In laboratory animals, intrasplenic hepatocyte transplantation corrects the physiologic abnormalities associated with decompensated liver disease. The clinical experience with hepatocyte transplantation for cirrhosis has been disappointing when compared with laboratory experience. The route of hepatocyte delivery may influence hepatocyte engraftment and function. Outbred pigs were recipients of allogeneic pig hepatocytes. Donor hepatocytes were isolated by collagenase perfusion and labeled using 5(6)-carboxyfluorescein diacetate succinimidyl-ester (CMFSE). Cells were introduced into pig spleens by infusion through the splenic artery or by direct splenic puncture. Direct intrasplenic injection produced engraftment that was far superior to that obtained using splenic artery infusion. Splenic artery infusion produced a gastric erosion and large areas of splenic necrosis secondary to vascular occlusion with hepatocytes, whereas direct splenic injection was associated with clinically insignificant intraabdominal hemorrhage. The route of hepatocyte delivery may influence hepatocyte engraftment and explain the disparity in efficacy of hepatocyte transplantation between the laboratory and clinic.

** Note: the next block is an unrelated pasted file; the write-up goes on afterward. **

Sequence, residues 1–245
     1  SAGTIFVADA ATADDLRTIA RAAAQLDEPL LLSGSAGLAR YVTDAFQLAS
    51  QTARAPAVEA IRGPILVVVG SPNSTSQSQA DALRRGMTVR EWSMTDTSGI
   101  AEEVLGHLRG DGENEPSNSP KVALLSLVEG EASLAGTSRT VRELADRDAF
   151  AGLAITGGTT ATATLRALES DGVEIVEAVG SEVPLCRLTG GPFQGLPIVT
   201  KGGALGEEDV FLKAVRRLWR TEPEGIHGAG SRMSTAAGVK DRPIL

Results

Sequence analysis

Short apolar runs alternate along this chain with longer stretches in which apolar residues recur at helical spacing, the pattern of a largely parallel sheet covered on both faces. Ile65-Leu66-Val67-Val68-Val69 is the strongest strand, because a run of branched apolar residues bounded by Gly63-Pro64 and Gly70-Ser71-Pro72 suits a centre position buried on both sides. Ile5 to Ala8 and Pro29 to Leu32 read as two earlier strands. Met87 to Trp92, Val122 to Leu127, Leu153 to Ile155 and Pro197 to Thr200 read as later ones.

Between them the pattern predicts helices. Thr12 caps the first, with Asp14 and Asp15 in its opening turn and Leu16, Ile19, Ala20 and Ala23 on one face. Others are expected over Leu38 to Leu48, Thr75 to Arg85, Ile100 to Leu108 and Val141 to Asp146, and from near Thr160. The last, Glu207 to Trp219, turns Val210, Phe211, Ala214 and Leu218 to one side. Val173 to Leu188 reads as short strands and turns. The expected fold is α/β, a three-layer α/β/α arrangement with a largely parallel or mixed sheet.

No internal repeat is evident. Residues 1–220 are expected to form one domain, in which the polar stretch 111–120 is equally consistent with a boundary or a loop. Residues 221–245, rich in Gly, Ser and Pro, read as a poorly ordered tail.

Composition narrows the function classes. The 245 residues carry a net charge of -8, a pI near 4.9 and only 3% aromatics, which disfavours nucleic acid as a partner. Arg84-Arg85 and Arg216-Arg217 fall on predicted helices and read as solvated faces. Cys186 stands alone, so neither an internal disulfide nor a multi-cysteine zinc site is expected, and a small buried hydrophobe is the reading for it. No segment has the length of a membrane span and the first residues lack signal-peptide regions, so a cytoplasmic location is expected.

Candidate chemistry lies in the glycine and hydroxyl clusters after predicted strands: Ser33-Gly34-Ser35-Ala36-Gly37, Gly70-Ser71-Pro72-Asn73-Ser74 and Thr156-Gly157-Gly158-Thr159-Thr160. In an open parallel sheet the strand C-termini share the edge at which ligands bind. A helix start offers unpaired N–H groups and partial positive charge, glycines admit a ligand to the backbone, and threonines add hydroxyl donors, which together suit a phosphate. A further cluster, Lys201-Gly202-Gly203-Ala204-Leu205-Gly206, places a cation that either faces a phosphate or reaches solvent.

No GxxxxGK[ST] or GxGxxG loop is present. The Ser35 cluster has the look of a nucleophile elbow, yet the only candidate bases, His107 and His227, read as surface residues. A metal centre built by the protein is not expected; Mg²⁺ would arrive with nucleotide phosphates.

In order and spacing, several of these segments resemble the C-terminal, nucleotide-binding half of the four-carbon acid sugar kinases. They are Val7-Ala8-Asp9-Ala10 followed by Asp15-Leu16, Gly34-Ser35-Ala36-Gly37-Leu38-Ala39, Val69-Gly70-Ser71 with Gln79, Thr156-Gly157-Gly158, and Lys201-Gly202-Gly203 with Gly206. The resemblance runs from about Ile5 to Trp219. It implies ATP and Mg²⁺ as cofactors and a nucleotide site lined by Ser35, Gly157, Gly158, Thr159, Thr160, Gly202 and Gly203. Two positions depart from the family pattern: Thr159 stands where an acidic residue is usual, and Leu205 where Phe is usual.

All Science Journal Classification (ASJC) codes